Aaron Medvidofsky discusses which preseason position battles to watch.
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NFL rosters can change drastically from year to year and with that change comes opportunity. The preseason is when players on the cusp of a starting role get to make their case for the job. Competition is a great motivator and many smart coaches will leave these decisions up in the air for much of the preseason to see what they really have in their new and veteran players. Here are the preseason position battles worth keeping an eye on that could have a big impact on fantasy.
Miami Dolphins – Running Back
Jay Ajayi vs Arian Foster
For much of the offseason, it looked like Ajayi was going to have the Miami backfield all to himself. To say that the mid-July signing of Foster muddied the waters is a massive understatement. We are now looking at a backfield that could go to either player or end up as an ugly committee that keeps either from becoming a true asset for your fantasy team.
Both players are going to have a role in this offense, but Foster is the running back I’m targeting in drafts. Adam Gase has made it clear that he would prefer to have a three-down back, and I just didn’t see that skill set in Ajayi during his lackluster rookie season. At anything close to full effectiveness Foster would be an every-week fantasy starter as long as he can stay healthy.
Buffalo Bills – Running Back
Reggie Bush vs Mike Gillislee vs Karlos Williams
The clear-cut starter in Buffalo is LeSean McCoy, but there is quite a crowded backfield vying for the No. 2 spot behind him. The Bills will run the ball more than most teams in the NFL which will means that, even without an injury, there will be fantasy value for whoever wins that role. Had Karlos Williams not come into camp out of shape and gotten himself subsequently suspended this wouldn’t even be a debate, but that will certainly have an impact on his standing in the offense, even when he does return.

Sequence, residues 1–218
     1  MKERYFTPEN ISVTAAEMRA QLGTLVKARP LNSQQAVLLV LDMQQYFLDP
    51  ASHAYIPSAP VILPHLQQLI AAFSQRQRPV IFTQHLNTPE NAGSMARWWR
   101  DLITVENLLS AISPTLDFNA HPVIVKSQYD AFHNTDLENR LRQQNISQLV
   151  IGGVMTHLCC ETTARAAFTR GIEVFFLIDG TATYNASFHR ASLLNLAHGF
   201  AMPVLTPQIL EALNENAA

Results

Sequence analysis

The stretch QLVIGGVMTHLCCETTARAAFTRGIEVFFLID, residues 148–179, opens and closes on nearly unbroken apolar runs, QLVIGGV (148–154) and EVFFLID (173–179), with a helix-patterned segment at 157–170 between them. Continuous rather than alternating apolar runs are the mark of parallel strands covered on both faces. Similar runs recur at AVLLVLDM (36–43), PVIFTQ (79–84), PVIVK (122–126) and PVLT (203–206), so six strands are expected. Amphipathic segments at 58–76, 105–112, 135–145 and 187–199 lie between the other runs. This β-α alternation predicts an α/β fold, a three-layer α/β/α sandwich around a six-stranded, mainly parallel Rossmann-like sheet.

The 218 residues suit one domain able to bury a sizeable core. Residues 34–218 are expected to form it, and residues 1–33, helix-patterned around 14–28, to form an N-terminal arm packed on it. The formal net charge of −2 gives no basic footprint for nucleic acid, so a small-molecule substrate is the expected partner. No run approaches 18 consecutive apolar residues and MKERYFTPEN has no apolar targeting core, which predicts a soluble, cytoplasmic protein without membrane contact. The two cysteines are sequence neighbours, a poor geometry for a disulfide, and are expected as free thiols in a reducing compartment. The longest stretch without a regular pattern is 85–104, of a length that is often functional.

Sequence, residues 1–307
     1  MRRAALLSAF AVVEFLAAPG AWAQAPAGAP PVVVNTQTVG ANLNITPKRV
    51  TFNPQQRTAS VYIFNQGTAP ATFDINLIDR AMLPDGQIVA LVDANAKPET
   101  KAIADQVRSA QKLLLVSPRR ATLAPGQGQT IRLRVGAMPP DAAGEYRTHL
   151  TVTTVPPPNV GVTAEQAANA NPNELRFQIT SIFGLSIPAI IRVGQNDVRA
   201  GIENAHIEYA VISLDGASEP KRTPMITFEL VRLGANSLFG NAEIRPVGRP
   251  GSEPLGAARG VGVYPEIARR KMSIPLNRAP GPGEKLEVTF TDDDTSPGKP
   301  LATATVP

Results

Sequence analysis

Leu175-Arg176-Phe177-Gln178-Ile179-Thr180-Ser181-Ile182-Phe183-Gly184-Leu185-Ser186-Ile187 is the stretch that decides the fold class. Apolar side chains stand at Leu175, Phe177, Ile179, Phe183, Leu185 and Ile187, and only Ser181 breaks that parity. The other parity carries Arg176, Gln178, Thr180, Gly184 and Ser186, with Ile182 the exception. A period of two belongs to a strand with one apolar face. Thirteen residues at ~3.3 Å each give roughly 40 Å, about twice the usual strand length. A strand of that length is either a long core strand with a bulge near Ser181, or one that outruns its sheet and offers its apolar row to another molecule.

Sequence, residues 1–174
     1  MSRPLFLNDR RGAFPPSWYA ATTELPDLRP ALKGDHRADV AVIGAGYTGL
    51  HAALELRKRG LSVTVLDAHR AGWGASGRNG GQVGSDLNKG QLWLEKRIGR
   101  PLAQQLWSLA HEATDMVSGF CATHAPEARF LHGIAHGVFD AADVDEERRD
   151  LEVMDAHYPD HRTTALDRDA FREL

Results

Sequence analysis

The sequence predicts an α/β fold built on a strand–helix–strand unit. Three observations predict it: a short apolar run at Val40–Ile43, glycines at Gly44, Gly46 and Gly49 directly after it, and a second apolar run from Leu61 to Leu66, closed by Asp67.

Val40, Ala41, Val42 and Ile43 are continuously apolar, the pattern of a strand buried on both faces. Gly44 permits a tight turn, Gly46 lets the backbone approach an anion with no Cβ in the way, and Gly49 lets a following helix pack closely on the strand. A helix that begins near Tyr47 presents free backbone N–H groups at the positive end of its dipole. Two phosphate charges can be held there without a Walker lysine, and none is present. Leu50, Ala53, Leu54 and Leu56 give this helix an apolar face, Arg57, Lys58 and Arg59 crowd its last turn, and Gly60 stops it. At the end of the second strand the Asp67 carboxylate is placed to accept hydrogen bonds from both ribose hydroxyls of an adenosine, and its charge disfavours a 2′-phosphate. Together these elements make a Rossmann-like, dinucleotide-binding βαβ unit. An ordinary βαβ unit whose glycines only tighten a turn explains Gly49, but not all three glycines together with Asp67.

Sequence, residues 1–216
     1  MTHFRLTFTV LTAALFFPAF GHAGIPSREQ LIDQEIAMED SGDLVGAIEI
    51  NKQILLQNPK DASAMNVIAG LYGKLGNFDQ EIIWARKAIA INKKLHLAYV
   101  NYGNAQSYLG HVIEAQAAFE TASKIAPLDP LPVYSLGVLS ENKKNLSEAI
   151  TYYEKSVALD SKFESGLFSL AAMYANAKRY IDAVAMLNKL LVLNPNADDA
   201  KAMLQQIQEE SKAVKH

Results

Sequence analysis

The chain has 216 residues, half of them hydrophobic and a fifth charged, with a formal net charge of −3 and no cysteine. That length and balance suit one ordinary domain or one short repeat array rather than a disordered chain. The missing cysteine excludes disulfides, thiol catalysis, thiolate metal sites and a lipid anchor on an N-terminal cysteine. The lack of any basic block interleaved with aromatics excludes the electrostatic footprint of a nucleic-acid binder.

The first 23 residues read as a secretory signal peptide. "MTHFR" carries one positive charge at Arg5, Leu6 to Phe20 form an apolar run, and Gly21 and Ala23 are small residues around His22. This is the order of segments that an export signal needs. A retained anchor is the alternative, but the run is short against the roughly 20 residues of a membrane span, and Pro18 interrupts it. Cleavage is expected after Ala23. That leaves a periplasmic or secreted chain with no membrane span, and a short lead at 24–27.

Mike Gillislee should start the season with primary backup duties and has a good shot at retaining them if he impresses in the first four weeks. If you like to handcuff your running backs or are just looking for a late-round lottery ticket you should start the season with Gillislee and keep an eye on Williams’ conditioning as his reinstatement gets closer.
Denver Broncos – Quarterback
Mark Sanchez vs Trevor Siemian vs Paxton Lynch
Gary Kubiak has been playing it close to the vest when it comes to his stable of quarterbacks this season. They have all been getting a similar amount of reps in practice and each has had their performance fluctuate over time. For fantasy purposes, this isn’t a battle to see which quarterback you will be starting, but rather one to determine who will be throwing Demaryius Thomas and Emmanuel Sanders the ball.
I would be absolutely shocked if Sanchez wasn’t under center to start the season. The Broncos have a legitimate shot at a repeat Super Bowl victory, and they aren’t going to want to take chances with a rookie or an inexperienced player. While Sanchez is far from perfect he has the most experience and should function well in a game-manager role that will focus on clock management and eliminating turnovers above all else.
San Francisco 49ers – Quarterback
Blaine Gabbert vs Colin Kaepernick
The competition between Gabbert and Kaepernick doesn’t appear to have an end in sight and could play out right up to the start of the regular season. Both players have issues that they need to overcome. Gabbert has been struggling with accuracy, while Kaepernick struggles when pressured. Preseason play may be the biggest deciding factor in who starts the season in an offense that could produce fantasy numbers from even the most mediocre of quarterbacks.